Hudson Institute

China Is Winning the Belt and Road Debt Battles

1433124690 Malpass
1433124690 Malpass
Former President, World Bank
Senior Fellow
Senior Fellow
 Citizens walk past a decorative installation for the third Belt and Road Forum for International Cooperation on October 14, 2023, in Beijing, China. (Photo by VCG/VCG via Getty Images)
Citizens walk past a decorative installation for the third Belt and Road Forum for International Cooperation on October 14, 2023, in Beijing, China. (Photo by VCG/VCG via Getty Images)

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Senior Fellow, Hudson Institute

The World Bank’s December 2019 report Global Waves of Debt warned of the size, speed, and breadth of the post-2010 buildup of debt in developing countries.1 The International Monetary Fund (IMF) also sounded the alarm, labeling the debt buildup “the worst crisis in a generation.” Sixty percent of developing countries, including Sri Lanka, Ghana, Angola, Zambia, Ethiopia, Argentina, and Pakistan, are facing debt distress. Negotiations to address the problems have foundered in recent years, with countries like Zambia suffering through years of stop-and-go talks to restructure their external debts and secure some write-offs from creditors.

A major complicating factor in these negotiations is China’s rise as the largest creditor for development assistance. Partly as a consequence of its Belt and Road Initiative (BRI)—a program designed to broaden Chinese influence around the world, open global markets for China’s booming manufacturing sector, and obtain needed commodity resources for Beijing’s huge economy—China has built up transportation and resource development sectors in many developing nations. In contrast to traditional Western development assistance, Chinese programs are largely loans at or near market rates with requirements for collateral. China offers little in the form of outright grants or below-market interest rates, as is characteristic of Western aid. A large majority of loans from China are denominated in United States dollars (USD).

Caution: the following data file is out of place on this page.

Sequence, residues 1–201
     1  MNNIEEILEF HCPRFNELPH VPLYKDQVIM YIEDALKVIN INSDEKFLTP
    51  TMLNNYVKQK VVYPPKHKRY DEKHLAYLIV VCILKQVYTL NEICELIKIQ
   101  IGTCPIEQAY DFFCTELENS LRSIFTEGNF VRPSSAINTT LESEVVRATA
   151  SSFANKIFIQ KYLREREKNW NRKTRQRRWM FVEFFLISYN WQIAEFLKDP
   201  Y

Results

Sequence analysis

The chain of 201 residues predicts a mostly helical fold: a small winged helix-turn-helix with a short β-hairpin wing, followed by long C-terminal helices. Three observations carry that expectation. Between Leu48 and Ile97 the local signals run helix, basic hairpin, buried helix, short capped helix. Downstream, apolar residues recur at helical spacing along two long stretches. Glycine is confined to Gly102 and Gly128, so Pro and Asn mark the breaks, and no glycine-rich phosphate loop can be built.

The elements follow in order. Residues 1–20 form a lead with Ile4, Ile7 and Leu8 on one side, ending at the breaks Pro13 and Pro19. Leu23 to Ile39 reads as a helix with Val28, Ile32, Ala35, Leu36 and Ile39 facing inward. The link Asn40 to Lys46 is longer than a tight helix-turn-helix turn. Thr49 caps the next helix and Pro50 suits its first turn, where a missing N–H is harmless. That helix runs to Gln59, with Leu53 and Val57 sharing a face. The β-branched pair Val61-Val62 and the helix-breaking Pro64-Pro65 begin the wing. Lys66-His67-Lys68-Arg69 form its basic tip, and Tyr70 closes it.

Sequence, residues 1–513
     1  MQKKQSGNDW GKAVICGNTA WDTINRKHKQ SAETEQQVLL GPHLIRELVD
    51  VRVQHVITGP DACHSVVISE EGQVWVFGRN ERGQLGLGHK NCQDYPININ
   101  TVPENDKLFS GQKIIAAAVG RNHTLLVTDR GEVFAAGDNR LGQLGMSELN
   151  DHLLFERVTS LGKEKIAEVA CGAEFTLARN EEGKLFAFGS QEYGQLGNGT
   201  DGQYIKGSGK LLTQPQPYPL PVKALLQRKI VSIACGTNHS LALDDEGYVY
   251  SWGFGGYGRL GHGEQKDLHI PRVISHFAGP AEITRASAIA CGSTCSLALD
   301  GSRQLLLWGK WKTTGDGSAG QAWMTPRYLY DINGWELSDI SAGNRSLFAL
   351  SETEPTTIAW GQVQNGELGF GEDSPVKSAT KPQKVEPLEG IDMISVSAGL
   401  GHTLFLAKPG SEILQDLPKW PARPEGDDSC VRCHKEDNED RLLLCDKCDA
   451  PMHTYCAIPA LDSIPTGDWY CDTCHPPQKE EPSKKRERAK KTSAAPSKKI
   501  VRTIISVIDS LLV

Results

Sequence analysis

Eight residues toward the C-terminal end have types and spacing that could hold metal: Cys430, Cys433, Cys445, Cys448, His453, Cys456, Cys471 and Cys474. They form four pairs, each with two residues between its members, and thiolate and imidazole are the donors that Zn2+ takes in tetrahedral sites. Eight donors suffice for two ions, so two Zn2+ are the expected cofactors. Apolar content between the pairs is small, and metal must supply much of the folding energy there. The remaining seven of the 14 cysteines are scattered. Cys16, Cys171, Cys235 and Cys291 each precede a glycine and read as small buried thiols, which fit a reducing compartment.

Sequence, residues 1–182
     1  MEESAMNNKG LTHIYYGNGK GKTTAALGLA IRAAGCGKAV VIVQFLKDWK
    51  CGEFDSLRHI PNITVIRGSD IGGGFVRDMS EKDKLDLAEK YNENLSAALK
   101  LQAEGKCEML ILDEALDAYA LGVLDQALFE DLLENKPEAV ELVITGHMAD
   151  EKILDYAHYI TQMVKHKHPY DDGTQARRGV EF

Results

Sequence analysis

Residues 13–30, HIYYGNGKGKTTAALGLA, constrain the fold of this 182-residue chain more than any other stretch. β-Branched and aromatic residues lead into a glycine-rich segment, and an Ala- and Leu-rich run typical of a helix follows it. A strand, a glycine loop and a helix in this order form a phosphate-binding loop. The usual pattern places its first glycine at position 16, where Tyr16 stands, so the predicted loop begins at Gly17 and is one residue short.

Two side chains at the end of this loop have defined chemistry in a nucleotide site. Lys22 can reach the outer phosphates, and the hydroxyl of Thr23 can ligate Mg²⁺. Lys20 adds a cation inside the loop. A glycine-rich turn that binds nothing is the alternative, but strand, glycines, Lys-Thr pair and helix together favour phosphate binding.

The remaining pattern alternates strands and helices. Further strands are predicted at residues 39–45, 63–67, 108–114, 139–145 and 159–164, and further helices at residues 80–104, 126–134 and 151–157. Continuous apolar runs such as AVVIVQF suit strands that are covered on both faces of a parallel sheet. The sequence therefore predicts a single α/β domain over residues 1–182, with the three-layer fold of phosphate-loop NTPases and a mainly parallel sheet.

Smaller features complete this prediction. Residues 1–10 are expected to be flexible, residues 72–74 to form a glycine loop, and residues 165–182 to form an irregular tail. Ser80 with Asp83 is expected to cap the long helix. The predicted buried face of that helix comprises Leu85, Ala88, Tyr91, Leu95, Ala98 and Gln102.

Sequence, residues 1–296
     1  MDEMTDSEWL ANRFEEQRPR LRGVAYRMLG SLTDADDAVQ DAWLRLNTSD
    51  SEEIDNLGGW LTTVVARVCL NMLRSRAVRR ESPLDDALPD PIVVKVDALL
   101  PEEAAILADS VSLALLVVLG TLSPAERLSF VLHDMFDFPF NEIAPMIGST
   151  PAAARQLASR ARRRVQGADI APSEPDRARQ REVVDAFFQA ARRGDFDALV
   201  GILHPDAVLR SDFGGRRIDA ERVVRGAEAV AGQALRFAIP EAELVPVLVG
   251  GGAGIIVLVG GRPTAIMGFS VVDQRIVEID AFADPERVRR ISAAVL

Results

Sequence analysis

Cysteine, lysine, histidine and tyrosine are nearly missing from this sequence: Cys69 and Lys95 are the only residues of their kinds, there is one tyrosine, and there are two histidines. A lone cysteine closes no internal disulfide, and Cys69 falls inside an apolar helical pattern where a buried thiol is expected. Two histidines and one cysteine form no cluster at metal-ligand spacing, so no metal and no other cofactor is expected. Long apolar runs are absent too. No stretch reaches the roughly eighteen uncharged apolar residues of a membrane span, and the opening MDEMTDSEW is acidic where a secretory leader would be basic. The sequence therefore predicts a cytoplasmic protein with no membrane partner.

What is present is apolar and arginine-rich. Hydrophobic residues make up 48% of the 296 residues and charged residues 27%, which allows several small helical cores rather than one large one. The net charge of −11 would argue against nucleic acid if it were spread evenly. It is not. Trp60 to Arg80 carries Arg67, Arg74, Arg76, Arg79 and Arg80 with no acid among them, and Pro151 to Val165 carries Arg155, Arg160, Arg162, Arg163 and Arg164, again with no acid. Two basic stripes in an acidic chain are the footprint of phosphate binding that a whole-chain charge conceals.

A sequence of global events has compounded this acute crisis in developing world finances. First, the long Covid-19–related economic crisis lowered commodity prices. Then, the US-led recovery in Western economies boosted the value of the dollar, effectively increasing the cost of USD-denominated loans. Finally, the war in Ukraine exacerbated inflationary effects and supply chain disruptions. Many China-supported projects were poorly conceived in economic terms and contributed further to the debt crisis. Notably, the port of Hambantota in Sri Lanka and several dam and transportation projects in Africa and Latin America have incurred severe costs to their local economies.

To resolve previous systemic financial breakdowns in the developing world, Western nations and their large commercial banks, in cooperation with the Bretton Woods multilateral development banks (MDBs), were at the forefront of negotiations to reduce and restructure non-performing external debt. Developed nations and aid providers have agreed on the Paris Club as the venue to formally organize comprehensive relief packages. But China has not been a willing partner in Paris Club negotiations. Beijing has consistently required contractual clauses in its loan and foreign aid packages that explicitly bar the use of the Paris Club process. China’s unwillingness to take write-downs or outright reductions in its development assistance contracts is likely a result of its large domestic debts as well as its weak domestic economy, which renders Beijing unable to service these debts easily. China has held out from comprehensive agreements until Western commercial banks, sovereign lenders, and MDBs take write-downs or write-offs. MDBs are normally unable to take these actions, especially before other creditors do. In effect, China is asking Western institutions to bail out its bad loans. China may hope that these practices will undermine the Bretton Woods system in some part.

The other major cause of paralysis in loan restructuring programs is Paris Club leaders’ lack of active engagement. This is in part because recovery from the Covid crisis, the wars in Ukraine and the Middle East, and friction with China’s increasingly aggressive mercantilist and military power projection have absorbed these leaders’ political attention. France’s partial withdrawal from military and economic engagement in Africa also contributes to the problem, as the French government is the traditional convenor of Paris Club negotiations.